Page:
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    A Guide to Qualifying for Autism Disability Benefits

    Autism spectrum disorder (ASD), commonly known as autism, is a neurological condition affecting millions of Americans. According to statistics from the CDC, approximately one child in 54 in the U.S. suffers from some form of autism, as well as about two percent of the nation’s population over the age of 18. That equates to about 5.4 million autistic people 18 or older in the U.S.

    What Type of Disability is Autism?

    Autism is a complex neurological condition related to brain development that affects how a person perceives and socializes with others, often causing problems in communication and social interaction.
    Further, though learning disabilities may affect a person’s ability to both understand and use written and spoken language, those suffering from autism may be very good at things such as music, art, math, or tasks involving memory.

    There is no cure for autism and its effects can range from being a minor impairment to a seriously disabling condition that requires full-time supervision in a special facility dedicated to caring for the severely impaired.

    Early Signs of Autism

    Though autism can affect adults as well as children, the signs of autism usually appear before age 3 and may include any of the following:

    • Repetitive actions, such as rocking back and forth or repeating certain words and phrases.
    • Not wanting to be held or cuddled.
    • Lack of eye contact.
    • Having a narrow range of interest or having extreme interest in a particular activity.
    • High sensitivity to sounds, sights, smells, and touch.
    • Speaking in a flat, robotic, or sing-song voice.
    • Trouble adapting to changes in routine.

    Treatment Options

    As we said, there is no cure for autism, but early diagnosis and treatment can sometimes make a substantial difference in the life of someone suffering from the disability. Treatments include speech, behavioral, and occupational therapy, and medications can sometimes help with anxiety, hyperactivity, and attention problems. Special therapy related to things like art, music, and animals can also sometimes be helpful.

    Qualifying for Supplemental Security Income

    It is possible to qualify for Supplemental Security Income (SSI) if an individual suffering from autism meets the qualifying criteria listed in the Social Security Administration’s (SSA) Blue Book.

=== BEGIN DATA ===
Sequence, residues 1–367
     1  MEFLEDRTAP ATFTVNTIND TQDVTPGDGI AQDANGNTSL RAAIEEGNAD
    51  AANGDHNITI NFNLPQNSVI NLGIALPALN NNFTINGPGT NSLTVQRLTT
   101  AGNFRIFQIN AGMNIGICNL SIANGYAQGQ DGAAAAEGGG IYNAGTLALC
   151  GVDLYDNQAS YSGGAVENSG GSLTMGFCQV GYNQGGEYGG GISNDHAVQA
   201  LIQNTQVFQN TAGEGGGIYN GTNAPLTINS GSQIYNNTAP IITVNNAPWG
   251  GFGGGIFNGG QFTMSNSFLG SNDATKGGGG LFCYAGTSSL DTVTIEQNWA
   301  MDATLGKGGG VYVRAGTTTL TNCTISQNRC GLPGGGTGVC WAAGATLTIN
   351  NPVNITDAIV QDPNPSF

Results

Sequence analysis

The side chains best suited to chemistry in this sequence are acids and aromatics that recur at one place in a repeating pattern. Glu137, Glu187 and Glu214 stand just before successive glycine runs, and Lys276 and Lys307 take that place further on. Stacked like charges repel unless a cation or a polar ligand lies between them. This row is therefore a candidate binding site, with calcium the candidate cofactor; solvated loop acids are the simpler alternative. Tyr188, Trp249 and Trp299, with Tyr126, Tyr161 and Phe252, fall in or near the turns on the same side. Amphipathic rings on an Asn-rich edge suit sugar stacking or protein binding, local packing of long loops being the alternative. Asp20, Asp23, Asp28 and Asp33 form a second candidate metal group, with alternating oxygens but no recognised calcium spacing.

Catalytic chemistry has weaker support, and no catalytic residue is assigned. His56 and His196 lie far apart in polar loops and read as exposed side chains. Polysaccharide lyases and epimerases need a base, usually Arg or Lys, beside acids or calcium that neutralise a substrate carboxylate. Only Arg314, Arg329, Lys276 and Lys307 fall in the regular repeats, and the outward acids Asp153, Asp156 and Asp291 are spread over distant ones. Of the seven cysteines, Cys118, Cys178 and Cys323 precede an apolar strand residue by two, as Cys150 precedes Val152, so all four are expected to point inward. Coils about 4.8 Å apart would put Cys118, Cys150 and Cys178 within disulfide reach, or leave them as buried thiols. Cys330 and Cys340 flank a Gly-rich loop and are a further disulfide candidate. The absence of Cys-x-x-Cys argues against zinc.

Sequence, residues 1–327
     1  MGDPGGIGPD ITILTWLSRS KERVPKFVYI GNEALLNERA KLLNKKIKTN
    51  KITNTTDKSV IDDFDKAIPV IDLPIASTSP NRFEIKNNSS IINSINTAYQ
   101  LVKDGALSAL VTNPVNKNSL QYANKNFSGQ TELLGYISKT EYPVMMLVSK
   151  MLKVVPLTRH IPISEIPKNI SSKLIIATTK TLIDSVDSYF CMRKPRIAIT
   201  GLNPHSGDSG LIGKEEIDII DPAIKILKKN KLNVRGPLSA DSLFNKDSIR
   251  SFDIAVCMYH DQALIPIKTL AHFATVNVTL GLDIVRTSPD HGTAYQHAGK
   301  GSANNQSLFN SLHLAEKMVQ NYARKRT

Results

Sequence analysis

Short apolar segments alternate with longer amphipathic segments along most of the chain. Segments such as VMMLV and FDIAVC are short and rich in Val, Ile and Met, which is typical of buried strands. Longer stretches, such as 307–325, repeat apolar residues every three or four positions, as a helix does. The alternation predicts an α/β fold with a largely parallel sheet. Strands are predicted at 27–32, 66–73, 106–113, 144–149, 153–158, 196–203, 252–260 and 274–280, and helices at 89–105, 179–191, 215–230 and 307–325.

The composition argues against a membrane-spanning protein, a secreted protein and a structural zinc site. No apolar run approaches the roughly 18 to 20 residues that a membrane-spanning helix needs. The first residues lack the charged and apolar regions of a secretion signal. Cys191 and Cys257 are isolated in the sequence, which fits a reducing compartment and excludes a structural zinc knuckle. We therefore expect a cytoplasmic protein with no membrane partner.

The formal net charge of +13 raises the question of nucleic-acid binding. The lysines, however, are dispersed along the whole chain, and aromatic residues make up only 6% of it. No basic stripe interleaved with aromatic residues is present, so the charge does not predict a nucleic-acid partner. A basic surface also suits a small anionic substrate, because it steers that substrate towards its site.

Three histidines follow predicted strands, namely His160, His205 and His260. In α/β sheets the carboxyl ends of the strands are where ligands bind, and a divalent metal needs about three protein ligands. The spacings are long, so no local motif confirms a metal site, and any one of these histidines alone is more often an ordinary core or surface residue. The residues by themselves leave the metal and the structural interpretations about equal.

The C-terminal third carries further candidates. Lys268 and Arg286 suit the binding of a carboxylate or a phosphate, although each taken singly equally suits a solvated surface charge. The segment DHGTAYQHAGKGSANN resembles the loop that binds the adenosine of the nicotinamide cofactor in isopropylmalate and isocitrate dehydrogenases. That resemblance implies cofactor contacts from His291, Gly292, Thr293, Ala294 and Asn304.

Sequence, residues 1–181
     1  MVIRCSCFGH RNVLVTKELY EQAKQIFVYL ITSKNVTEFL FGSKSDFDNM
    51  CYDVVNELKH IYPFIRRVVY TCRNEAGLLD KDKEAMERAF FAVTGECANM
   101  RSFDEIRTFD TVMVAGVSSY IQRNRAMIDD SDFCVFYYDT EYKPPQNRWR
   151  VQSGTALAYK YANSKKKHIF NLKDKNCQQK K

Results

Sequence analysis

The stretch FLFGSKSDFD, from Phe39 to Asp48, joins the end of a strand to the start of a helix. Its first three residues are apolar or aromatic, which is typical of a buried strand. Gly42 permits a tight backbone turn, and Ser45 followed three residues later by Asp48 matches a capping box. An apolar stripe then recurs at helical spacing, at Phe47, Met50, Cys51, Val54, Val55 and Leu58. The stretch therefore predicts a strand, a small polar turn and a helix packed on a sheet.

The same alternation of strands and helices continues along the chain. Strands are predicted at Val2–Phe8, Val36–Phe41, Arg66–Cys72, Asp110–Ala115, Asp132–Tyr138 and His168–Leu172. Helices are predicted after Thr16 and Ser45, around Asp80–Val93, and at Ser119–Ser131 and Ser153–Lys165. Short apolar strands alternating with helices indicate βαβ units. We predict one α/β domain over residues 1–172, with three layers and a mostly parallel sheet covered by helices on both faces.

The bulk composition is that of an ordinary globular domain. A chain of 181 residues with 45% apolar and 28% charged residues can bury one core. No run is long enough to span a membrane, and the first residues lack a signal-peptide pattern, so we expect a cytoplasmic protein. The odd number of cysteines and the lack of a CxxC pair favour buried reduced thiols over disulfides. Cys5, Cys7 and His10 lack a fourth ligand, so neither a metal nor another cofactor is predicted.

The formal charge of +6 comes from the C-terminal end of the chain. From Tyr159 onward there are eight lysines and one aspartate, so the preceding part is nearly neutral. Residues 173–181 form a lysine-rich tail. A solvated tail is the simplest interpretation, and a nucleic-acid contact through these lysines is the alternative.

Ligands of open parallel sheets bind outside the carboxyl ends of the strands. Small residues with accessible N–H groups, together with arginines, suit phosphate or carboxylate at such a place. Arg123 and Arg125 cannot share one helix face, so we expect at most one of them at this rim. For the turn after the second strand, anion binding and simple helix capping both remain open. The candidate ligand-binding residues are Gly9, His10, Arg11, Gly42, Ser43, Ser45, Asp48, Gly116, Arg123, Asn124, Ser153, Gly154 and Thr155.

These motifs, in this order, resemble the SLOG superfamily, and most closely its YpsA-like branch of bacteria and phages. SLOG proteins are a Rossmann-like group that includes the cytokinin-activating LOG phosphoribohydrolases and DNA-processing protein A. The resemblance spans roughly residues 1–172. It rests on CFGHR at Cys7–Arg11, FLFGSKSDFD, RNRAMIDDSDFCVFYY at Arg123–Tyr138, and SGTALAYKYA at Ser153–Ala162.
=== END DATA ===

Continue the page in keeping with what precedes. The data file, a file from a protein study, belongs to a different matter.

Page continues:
With appropriate medical documentation, these include:

    • Qualitative deficits in verbal communication, non-verbal communication, and social interaction, along with
    • Significantly restricted, repetitive patterns of behavior, interests, or activities.

    Further, having extreme limitation of one, or a marked limitation of two of these areas of mental functioning:

    • Understanding, remembering, or applying information.
    • Interacting with other individuals.
    • Concentrating, persisting, or maintaining pace.
    • Adapting or managing oneself.

    Financial Requirements

    In addition to these physical/emotional requirements for SSI, a child or adult suffering from autism must meet the SSA’s financial requirements to qualify for Social Security disability benefits.
    Children with autism may be eligible for SSI if their family’s income and assets are not above Social Security’s limits.

    An adult applying for SSI must meet all of the following:

    • You cannot do any work – not just your previous job – because of your disability, and your condition must last, or be expected to last, at least 12 months.
    • You must have worked in a job that pays Social Security taxes long enough and recently enough.
    • You must have enough work credits. Generally, the number of work credits must be 40, 20 of which must have been earned in the last 10 years.
    • You must be unable to engage in Substantial Gainful Activity (SGA). A person earning more than a certain monthly amount is considered to be engaged in SGA. In 2022 the monthly amount is $1,350.

    Additional Impairment

    If an applicant suffering from autism does not meet the SSA’s basic requirements, you still might qualify for SSI if you have an additional impairment. These include, among others:

    • Bipolar disorder
    • Depression
    • Anxiety
    • Diabetes
    • Gastrointestinal disorders
    • Epilepsy
    • Heart issues
    • Allergies or asthma

    The Need for Legal Assistance – Disability Attorney in Virginia Beach, VA

    It should be apparent from this summary that securing autism benefits is certainly possible, but it is a demanding, complicated process. Frankly, one of the most common reasons for the denial of claims is the failure to submit enough information and documentation to prove the disability.

    This hurdle can be overcome by securing the services of an experienced Social Security disability attorney, and at your earliest opportunity we urge you to reach out to the law firm of O’Neil and Bowman Disability Group.

    Attorney Eric Bowman has practiced disability law for 26 years and has helped hundreds of individuals secure the benefits to which they are entitled. He can assist you in filing your initial disability claim, and if your initial application has been denied, he can also help you in filing an appeal to be used at your disability hearing.

    Please do not delay. Contact our law firm today to schedule your initial free consultation, and together let’s move forward in securing your long term disability benefits.


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